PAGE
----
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Review: The Driver

Mark Dacascos made a much welcome return to action this year by facing off against John Wick in (the greatest action movie of the decade) John Wick Chapter 3 and co-starring with Iko Uwais for Netflix’s martial arts show Wu Assassins and now he’s battling zombies in The Driver, but unfortunately it’s disappointing for both action and zombie fans.

Dacascos stars as the title character, an unnamed former hitman who is trying to keep his wife and daughter safe in the zombie apocalypse.  When one of the members of the settlement they live in betrays the group and allows in both vicious raiders and the undead, The Driver’s wife is bitten and he’s forced to kill her and then flee with his daughter Bree to try and find a possible safe place called Haven to the north.  The Driver realizes he was bitten as well in the battle at the compound and has to try and teach his daughters the skills she needs to survive the zombie apocalypse.  The premise of “Mark Dacascos in the zombie apocalypse” probably conjures up visions of the once and future Iron Chef Chairman battling zombies with martial arts but if The Driver is anything, it’s mostly a drama about a dying father trying to impart life lessons to his daughter before he passes.  The attack on the compound is the only major action sequence and features the only time Dacascos goes hand to hand with anyone, which feels like throwing a bone to action fans but the bone barely has any meat left on it.  It’s nice that Dacascos got to make a movie with his real-life wife Julie Condra and daughter Noelani Dacascos but there’s really not a lot here for zombie fans or martial arts/action fans.  There’s also really no point outside of the big action sequence to the compound where The Driver is living.  There are quite a few characters that are set-up and then vanish and a strange leader named Gabriel who devours scenery with religious speechifying but is then dispatched within 5 minutes of being introduced.  I feel like if they really wanted to lean more into the drama that is the main meat of the movie, it would have better just to start with The Driver and his daughter on the road.

The director of The Driver is Wych Kaosayananda aka Kaos, the man who brought us Ballistic: Ecks vs Sever back in the day.  The Driver is better overall as a film but it’s also much more boring than the batshit insanity of Ballistic.  The movie pretty flat and uninteresting shot wise and most of it is in The Driver’s BMW, which makes sense given that he’s “The Driver” and he has some sweet moments with his daughter but most people watching probably want more zombie fighting action and fewer life lessons imparted by a dying father.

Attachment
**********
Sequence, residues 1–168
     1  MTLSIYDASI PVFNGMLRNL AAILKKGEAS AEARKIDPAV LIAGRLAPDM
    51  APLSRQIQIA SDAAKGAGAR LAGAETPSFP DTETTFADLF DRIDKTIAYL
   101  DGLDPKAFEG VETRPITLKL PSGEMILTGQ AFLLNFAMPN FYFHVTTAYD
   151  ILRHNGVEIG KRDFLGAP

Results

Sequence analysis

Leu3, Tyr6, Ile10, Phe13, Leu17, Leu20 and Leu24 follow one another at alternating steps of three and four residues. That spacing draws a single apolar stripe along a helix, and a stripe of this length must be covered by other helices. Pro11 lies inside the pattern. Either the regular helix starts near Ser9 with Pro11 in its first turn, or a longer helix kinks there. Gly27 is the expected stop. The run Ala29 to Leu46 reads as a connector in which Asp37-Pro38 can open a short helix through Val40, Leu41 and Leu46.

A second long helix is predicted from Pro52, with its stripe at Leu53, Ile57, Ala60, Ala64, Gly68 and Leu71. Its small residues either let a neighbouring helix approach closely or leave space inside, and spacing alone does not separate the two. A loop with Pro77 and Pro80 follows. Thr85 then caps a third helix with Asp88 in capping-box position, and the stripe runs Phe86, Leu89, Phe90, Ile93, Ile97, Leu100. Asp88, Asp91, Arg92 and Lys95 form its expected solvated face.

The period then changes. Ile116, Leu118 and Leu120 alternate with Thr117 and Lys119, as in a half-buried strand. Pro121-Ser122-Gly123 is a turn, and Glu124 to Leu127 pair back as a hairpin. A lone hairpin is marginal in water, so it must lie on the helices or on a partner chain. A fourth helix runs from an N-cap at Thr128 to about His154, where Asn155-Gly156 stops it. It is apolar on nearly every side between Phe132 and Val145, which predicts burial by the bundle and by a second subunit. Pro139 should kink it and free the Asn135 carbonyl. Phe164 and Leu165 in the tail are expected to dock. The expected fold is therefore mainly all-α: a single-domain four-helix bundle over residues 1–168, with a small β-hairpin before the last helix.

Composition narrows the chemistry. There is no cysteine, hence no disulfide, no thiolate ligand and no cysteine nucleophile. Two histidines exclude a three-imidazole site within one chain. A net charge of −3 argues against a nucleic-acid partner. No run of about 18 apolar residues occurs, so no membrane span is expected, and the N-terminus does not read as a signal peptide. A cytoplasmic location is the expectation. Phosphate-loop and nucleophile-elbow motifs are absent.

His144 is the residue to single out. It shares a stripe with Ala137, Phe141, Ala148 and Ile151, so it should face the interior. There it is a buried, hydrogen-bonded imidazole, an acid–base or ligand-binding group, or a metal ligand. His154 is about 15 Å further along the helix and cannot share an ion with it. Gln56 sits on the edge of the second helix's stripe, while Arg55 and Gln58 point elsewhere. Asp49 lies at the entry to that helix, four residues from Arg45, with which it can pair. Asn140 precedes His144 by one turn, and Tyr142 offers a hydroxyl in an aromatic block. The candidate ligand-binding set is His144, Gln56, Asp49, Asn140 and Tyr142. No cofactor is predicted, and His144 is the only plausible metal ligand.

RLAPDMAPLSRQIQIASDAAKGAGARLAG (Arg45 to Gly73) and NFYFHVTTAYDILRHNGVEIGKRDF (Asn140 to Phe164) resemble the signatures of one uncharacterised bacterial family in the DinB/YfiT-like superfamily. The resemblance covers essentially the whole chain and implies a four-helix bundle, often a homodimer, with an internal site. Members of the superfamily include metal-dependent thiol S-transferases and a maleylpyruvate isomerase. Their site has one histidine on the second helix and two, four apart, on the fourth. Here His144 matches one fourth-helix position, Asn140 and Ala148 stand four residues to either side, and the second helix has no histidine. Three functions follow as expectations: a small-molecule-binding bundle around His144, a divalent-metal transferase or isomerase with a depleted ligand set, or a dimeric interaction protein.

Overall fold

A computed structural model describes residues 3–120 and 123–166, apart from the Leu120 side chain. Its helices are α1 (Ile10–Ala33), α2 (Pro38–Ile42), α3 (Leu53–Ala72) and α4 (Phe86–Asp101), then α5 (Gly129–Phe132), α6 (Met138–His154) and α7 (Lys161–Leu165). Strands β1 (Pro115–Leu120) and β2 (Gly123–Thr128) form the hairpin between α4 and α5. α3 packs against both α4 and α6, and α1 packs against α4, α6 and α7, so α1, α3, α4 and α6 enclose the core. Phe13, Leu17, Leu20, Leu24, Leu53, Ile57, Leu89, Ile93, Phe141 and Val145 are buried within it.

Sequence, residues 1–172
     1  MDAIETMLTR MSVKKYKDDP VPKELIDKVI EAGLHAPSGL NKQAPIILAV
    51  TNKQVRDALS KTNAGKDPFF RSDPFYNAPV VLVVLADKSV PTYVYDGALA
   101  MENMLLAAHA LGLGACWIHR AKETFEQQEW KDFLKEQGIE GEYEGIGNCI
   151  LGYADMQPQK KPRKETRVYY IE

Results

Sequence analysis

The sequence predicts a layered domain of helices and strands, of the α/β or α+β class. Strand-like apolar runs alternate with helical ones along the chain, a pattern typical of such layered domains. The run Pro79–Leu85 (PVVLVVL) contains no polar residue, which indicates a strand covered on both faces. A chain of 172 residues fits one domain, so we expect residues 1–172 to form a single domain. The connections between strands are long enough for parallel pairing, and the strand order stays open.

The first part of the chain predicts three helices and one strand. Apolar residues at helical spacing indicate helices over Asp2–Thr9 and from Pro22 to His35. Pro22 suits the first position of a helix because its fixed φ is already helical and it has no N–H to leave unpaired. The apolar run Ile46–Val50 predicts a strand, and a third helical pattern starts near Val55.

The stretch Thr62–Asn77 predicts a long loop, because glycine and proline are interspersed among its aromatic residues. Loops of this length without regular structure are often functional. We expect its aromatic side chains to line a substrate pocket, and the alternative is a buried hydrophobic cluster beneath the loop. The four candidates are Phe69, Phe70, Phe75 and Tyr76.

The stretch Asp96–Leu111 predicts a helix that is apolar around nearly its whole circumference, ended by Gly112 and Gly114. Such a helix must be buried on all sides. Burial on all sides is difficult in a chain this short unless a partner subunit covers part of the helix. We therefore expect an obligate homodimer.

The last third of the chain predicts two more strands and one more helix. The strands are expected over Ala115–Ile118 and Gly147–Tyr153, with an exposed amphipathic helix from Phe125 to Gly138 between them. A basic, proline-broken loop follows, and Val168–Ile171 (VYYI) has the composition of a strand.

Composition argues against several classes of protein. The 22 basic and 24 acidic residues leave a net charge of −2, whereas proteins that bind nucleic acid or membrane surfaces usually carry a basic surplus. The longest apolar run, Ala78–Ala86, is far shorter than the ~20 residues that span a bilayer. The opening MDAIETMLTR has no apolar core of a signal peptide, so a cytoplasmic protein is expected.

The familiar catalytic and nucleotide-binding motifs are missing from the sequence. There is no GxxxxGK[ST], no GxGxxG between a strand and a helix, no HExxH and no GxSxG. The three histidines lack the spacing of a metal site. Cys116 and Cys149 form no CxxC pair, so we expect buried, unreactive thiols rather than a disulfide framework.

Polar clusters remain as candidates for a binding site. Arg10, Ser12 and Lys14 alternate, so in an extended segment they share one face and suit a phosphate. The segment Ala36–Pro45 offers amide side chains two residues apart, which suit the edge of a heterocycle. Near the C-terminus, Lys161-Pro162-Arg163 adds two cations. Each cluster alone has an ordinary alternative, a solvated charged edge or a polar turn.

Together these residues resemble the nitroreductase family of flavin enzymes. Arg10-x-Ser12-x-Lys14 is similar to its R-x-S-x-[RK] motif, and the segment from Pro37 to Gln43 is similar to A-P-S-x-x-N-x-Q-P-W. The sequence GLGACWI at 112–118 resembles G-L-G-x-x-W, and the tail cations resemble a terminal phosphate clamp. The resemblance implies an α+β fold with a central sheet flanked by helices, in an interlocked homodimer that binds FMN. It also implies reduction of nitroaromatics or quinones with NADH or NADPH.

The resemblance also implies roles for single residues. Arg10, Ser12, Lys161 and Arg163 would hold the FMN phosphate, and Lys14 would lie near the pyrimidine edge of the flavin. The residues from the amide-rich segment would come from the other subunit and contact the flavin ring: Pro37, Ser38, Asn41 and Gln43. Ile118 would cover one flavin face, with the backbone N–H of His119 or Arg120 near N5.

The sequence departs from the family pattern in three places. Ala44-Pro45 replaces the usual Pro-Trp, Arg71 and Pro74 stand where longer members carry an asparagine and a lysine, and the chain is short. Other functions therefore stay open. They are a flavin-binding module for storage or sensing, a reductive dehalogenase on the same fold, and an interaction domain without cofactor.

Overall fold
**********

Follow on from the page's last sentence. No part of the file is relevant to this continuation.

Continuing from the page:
The Driver fails to deliver for both fans of Mark Dacascos’s martial arts prowess or zombie mayhem.  Besides the one inciting incident at the compound, there really isn’t that much else that happens in the movie besides The Driver teaching his daughter a few important skills.  It feels like it didn’t even really need to be in the zombie apocalypse, like, it could have just been Mark Dacascos is a dying hitman who wants to reconnect with his daughter one last time and maybe gets into one final battle to protect her or something.  There was a short film turned movie called Cargo on Netflix that features a similar kind of premise but does something much more interesting with it and plays to its main star Martin Freeman’s skills more.  Dacascos is fine here and it’s nice he got to flex his dramatic chops but we really just want to see him karate kick zombies in the head and The Driver fails to do that.

(The Driver is out on now on DVD, Digital and On-Demand)

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